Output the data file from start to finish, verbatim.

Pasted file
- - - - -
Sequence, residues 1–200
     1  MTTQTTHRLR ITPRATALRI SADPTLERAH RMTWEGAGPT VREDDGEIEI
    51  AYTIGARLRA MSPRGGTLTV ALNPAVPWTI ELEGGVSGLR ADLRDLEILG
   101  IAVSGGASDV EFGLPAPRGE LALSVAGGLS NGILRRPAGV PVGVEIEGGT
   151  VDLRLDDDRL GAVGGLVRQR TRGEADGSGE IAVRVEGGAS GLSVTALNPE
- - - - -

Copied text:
Sequence, residues 1–200
     1  MTTQTTHRLR ITPRATALRI SADPTLERAH RMTWEGAGPT VREDDGEIEI
    51  AYTIGARLRA MSPRGGTLTV ALNPAVPWTI ELEGGVSGLR ADLRDLEILG
   101  IAVSGGASDV EFGLPAPRGE LALSVAGGLS NGILRRPAGV PVGVEIEGGT
   151  VDLRLDDDRL GAVGGLVRQR TRGEADGSGE IAVRVEGGAS GLSVTALNPE